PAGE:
On the 20th anniversary of Woodstock, people asked, "Where were you?"
Some people ignored Woodstock to scour the countryside looking for cult wines--pleading and cajoling to get their hands on wines like Schramsberg Champagne and David Bruce Chardonnay.
Cult wine once was a big deal with wine lovers. Two decades ago, a handful of wineries made tiny quantities of great wines that got word-of-mouth plaudits and generated intense competition to get a bottle or a case.
Today We Gloat
Today it's different. We gloat over getting a bottle of Dunn Howell Mountain Cabernet or Ferrari-Carano Reserve Chardonnay. Diamond Creek recently sold out its limited-production Cabernet designated Lake, a wine that carries a $100 price tag. These are modern-day cult wines.
But today there are at least lots of cult Chardonnays (Grgich, Chalone, Sonoma-Cutrer, Au Bon Climat among them) and dozens of cult Cabernets (Dunn, Spotteswood, La Jota, Jordan) and Pinot Noirs (Calera, Chalone, Etude). So it's possible to own a cult wine without much difficulty. (Jordan sold almost 80,000 cases of wine last year.)
But in the early 1970s, as California wine became an intriguing and exciting collectible as well as a grand taste experience, very few wines took on cult status, and they were truly limited in production. Stony Hill and Hanzell Chardonnays and Joseph Swan Pinot Noirs and Zinfandels were hard to obtain and achieved that status.
Few Thousand Cases
Among the highest-image wines were those from Schramsberg and David Bruce. Finding a bottle on a retail shelf was a serendipitous moment inducing euphoria. Neither made more than a few thousand cases.
It was a bit surprising, then, when I discovered that both Schramsberg and David Bruce were celebrating their silver anniversaries; both have been in business for a quarter-century.
And although Swan, Hanzell and Stony Hill wines remain limited in production, Bruce and Schramsberg have grown with the demand. One might assume from this that quality has been compromised, but I recently went through the two wineries' offerings and discovered that both have kept abreast of the latest technical changes in the industry, and that both are making wines that if anything are better than what they did in the past. Ironically, one helped the other improve.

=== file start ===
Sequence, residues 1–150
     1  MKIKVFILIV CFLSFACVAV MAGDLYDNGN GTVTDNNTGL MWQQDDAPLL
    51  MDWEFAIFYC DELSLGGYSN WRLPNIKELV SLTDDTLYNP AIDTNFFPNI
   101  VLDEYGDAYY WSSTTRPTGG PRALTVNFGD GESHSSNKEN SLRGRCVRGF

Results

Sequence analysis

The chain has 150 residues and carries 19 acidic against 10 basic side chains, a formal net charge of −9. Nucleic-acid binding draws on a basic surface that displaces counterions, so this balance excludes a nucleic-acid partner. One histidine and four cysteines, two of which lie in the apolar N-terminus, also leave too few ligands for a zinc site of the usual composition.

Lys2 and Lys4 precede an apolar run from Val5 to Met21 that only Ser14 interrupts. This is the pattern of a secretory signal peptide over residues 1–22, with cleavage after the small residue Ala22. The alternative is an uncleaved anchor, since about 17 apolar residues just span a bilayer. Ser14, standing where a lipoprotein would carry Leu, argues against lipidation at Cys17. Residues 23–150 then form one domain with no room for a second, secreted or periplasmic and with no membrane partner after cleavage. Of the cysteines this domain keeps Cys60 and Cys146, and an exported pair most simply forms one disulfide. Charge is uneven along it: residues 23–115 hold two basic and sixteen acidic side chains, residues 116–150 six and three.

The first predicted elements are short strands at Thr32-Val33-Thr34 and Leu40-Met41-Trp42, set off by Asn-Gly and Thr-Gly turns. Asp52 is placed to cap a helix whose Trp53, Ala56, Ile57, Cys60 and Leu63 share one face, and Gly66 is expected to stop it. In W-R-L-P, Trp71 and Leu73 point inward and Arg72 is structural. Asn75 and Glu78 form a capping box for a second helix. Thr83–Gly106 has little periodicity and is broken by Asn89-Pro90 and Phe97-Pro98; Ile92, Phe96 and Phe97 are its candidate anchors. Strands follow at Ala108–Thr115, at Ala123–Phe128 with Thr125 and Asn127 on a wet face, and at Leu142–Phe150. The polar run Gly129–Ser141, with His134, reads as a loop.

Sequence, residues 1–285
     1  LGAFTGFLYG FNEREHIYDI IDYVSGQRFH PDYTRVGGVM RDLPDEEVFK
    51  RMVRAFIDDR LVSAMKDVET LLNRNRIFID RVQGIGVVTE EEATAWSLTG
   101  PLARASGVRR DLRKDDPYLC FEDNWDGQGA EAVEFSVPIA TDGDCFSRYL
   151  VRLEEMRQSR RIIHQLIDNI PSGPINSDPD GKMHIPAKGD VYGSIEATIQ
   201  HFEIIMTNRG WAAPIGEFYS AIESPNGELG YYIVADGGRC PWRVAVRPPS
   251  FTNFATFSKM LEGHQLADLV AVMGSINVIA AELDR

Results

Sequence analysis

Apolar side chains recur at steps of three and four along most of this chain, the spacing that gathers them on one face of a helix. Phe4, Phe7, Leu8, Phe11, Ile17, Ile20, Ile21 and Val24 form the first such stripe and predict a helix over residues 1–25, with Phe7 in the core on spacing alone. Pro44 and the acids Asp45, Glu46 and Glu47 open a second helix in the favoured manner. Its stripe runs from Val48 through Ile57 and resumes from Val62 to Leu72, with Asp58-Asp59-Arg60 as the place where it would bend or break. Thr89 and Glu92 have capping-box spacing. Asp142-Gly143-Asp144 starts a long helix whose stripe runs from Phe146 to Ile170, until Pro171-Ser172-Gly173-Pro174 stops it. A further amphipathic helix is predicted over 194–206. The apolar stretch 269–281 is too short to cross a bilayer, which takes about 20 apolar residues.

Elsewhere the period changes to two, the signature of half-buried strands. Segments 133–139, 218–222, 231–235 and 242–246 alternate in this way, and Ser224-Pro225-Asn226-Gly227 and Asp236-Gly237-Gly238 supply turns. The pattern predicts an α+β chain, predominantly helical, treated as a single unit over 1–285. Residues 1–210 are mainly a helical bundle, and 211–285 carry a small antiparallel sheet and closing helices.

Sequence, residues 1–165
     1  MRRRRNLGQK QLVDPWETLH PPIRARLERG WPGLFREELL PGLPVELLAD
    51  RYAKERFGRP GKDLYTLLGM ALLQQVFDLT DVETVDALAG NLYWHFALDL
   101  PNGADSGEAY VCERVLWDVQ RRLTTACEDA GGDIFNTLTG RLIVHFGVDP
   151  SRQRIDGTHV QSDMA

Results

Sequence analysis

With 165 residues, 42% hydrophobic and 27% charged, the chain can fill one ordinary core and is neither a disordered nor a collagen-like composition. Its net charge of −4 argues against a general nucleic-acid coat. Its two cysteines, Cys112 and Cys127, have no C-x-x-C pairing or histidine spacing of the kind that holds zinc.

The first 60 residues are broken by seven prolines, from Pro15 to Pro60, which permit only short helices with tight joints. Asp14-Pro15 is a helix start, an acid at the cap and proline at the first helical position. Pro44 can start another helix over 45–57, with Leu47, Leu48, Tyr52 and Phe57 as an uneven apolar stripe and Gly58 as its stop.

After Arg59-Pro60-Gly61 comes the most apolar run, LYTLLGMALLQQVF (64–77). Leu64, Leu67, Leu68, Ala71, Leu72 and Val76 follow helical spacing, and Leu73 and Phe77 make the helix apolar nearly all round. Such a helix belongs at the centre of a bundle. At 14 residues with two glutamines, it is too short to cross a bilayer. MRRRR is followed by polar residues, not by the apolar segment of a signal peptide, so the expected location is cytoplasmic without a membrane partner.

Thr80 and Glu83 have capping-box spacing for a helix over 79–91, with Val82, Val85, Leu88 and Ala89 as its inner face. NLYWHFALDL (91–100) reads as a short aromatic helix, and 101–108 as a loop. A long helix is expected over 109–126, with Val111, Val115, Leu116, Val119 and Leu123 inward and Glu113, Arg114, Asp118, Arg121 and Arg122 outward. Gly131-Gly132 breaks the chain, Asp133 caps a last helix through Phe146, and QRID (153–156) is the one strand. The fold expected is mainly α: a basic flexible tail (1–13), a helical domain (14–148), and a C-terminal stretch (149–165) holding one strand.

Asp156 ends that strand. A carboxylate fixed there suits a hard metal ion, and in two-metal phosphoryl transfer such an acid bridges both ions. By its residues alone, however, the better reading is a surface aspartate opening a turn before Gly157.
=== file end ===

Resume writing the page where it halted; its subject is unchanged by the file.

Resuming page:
One fact is true for both wineries. For some years in the 1970s, neither improved. As they grew, quality grew erratic. But in the last three years, both wineries have stabilized, eliminating wines that were simply off the mark. Bruce and Schramsberg have grown more consistent, less erratic than they were a decade ago.
Napa Valley-based Schramsberg, which makes only sparkling wine, has had to adapt to a shrinking supply of top-quality Chardonnay and Pinot Noir grapes; both varieties are in demand. To cope with this, Jack Davies has developed a unique method of payment to growers.
Price of the Wine
Using an "evergreen" contract arrangement, Schramsberg pays growers based on a formula pegged directly to the price of the wine into which the grower's grapes go. Prices are "always higher than the Napa Valley average," said Davies.
Moreover, Schramsberg continues to experiment, first under wine maker Greg Fowler (who came on board in 1980) and now under Alan Tenscher, Fowler's successor in 1987.
Experimentation led to use of malolactic fermentation for small lots of wine (converting stronger acid into weak acid, which softens the wine), the dropping of sulfur dioxide use during production, and trying small quantities of grapes from other regions (such as the central coast and Mendocino) for complexity.
Handling the Grapes
The greatest change is in the handling of the grapes. In 1982, Fowler discovered that the standard method of dumping grapes into the press wasn't gentle enough, and that if he used a suction device--like a huge vacuum cleaner--he could dump the fruit into the press with less damage.
"I got the idea from David Bruce," said Fowler, who is now head wine maker for Domaine Mumm, across the Napa Valley. "The original idea came from Germany, where they use it to unload botrytised grapes.
"The big drawback is that it's slow, but it gets the fruit into the press with a minimum amount of damage to the fruit, without tearing the skins and beating up the stems."
The first wines to see this gentler method were from 1982, and Davies now has ready for release a small amount of a great wine from that harvest, and it's a wine new to the Schramsberg line.
The 1982 Blanc de Noirs Late Disgorged ($25) is a marvelously complex, rich wine with deep Pinot Noir character and as much Frenchlike elements as I have seen in a California wine. The extended time on the yeast, en tirage as the French say, is the key to this superb wine.
Similarly, Schramsberg's 1984 Blanc de Blancs Late Disgorged ($23) is an exceptional, deeply complex wine, one of the best I have tasted.